For me, the common thread for all of the speakers today was Strategies, Projects and Resources.

The first session was a panel discussion with the CIOs of  Windsor, York, McMaster, OCAD, Laurier and Ryerson. I’ll have to admit that quite a bit of this discussion, as well as that of James Norrie (which followed) was above me, in that I understood the topics but that the actual discussion was meant for my bosses and not for me (much talk of ‘governance’). That said, I came away with some interesting insights. Probably the most interesting series of points had to do with offering students systems (like email), vs. having them sign up for one of the many full-featured and free online systems of their choice. This was a conceptual discussion, not a practical one – so things like the Patriot act were not addressed at length. As highlighted above, it’s a discussion of strategy (whose needs, and how are they served and implemented?) and resources (do we really save much $$ by not offering the services?).

James Norrie’s talk highlighted the way our approach to projects is backwards. The focus tends to be on  Capacity (referring to $$ primarily), then on the projects, then the strategy. It’s important to consider the strategy first, then work out the details of the projects and capacity. He made an interesting analogy that went something along the lines of "If you get the recipe right, you can always play with how you bake the goods."

Our final speaker of the morning, Ann Medina, spoke of being prepared for the future by expecting surprises. She talked of her experiences in the field of journalism, and connected them to her love for video games and how both of these things taught her to be prepared for unexpected changes. Specifically, she discussed how video games can teach you how to strategize and allocate resources, which can be applied to real life.

All of these things certainly apply to anyone working with technology – the changes are so constant, and sometimes unexpected. We need to be prepared to accept the changes, take on the new challenges, and rethink how we do things. It’s part of what we do – and for many of us, part of who we are.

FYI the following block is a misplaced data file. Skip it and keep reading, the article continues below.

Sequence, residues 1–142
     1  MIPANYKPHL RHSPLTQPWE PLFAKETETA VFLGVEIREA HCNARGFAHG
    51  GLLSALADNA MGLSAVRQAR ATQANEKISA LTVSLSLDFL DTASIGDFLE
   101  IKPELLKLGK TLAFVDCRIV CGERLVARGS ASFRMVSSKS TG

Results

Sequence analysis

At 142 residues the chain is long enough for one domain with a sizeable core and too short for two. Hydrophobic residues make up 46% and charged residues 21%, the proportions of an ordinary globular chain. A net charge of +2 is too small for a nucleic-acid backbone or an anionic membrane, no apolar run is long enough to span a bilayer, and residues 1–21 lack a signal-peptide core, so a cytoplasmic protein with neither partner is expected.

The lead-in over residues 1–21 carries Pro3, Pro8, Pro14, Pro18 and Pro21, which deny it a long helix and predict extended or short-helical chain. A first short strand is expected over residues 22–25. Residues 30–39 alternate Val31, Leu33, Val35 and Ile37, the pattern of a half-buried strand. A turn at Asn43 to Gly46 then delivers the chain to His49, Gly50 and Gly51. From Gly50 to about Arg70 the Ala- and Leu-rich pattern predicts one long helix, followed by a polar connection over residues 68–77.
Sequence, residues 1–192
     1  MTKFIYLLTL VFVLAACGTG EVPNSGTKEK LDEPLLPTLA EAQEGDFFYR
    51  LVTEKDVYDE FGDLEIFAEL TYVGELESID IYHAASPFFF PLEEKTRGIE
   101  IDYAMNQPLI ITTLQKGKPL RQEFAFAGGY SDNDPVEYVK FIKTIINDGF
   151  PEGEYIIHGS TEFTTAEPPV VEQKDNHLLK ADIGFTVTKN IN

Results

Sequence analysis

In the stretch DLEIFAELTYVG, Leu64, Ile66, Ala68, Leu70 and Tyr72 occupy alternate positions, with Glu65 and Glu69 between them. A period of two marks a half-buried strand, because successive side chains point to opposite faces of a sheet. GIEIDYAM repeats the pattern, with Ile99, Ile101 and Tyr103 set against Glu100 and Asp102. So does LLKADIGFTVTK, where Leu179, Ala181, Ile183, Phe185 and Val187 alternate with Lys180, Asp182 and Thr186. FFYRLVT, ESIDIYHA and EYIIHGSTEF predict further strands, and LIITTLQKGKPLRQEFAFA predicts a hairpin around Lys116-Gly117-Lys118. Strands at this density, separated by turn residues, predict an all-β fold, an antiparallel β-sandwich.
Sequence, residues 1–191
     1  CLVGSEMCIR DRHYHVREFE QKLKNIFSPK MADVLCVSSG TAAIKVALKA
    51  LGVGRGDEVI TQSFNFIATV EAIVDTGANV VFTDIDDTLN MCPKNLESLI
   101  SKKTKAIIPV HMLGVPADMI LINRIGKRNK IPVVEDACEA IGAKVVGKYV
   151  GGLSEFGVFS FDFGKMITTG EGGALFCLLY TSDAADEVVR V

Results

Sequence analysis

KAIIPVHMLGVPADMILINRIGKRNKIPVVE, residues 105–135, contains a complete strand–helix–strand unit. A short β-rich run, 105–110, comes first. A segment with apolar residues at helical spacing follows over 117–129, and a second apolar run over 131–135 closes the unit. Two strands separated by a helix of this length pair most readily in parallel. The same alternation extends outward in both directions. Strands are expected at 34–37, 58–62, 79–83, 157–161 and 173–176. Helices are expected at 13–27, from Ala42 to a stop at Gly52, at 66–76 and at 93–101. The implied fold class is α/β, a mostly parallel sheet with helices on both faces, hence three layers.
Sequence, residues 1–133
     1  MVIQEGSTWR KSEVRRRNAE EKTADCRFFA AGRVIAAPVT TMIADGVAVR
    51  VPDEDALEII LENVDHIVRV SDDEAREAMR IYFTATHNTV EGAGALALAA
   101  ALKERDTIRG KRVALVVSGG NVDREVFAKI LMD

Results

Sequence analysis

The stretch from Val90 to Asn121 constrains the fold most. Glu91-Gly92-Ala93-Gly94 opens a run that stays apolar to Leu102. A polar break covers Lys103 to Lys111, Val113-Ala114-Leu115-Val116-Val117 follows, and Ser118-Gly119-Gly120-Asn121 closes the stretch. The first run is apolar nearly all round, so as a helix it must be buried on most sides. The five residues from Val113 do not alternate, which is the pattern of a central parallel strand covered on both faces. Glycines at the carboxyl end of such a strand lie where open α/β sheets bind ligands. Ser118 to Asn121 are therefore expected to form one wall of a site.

I’ll end this post here… I will be posting a bit of a rundown of my Twitter experience during the conference, which was really very positive.



OUCC 2009 – Day 1

This is me, at the OUCC conference at Ryerson 2009.

Last night was a good intro – fun dinner and movie night (Star Trek was supercool!).

Today started with a bang! I got a dragon engraved on my cell phone at the Rogers booth! Ahahahaha… but seriously, this morning was packed with great stuff. I should also mention that I’m taking the opportunity to learn about the use of Twitter for events, by Tweeting during this conference. There are sadly only a couple of us tweeting about it, and you can find our posts by searching by oucc or #oucc on Twitter. I’ll post a recap of this part of the experience later.

We’ve had two great speakers today: Ann Cavoukian, the Information and Privacy Commissioner of Ontario; and our keynote speaker David Suzuki. On paper, their talks were different – hers on the protection of our personal information, and his on the environment. When it came down to it, they talked about some very common things. Take into consideration that we are at a technology conference, where nearly everyone has gadgets – mostly used for communication, and accounts, and take in gads of information in this advanced culture of ours. Now consider that when you get to the very core of it, both of our speakers spoke of the roles and needs of individuals, as a part of a community. They both spoke of "the economy" as a construct that puts up roadblocks to the work that they do (which affects us all), and of the difficulties people have dividing facts from opinions. 

I won’t go into detail about each of their talks… please look them both up. Both are interesting, engaging, experts in their fields and I was pleased to attend both talks.

I’m now in the afternoon sessions, and have been Tweeting all along. The sessions have been interesting, the Twitter exercise has been fun, and I’m pretty sure dinner will be great! (Hahaha… you know where my mind is. Don’t take it to mean that I’m bored – I’m ALWAYS thinking about food). 

IF you are at OUCC and want to contribute to our information gathering on Twitter, please do! All you need is a wireless Internet device ( computer, smart phone, iPod touch — and Ryerson provided the wireless info in your registration badge), a Twitter account, and some thoughts!! Simply add #oucc to your updates (TWEETS!) and they’ll be aggregated with ours in the search! We would love to have more voices tweeting along with us.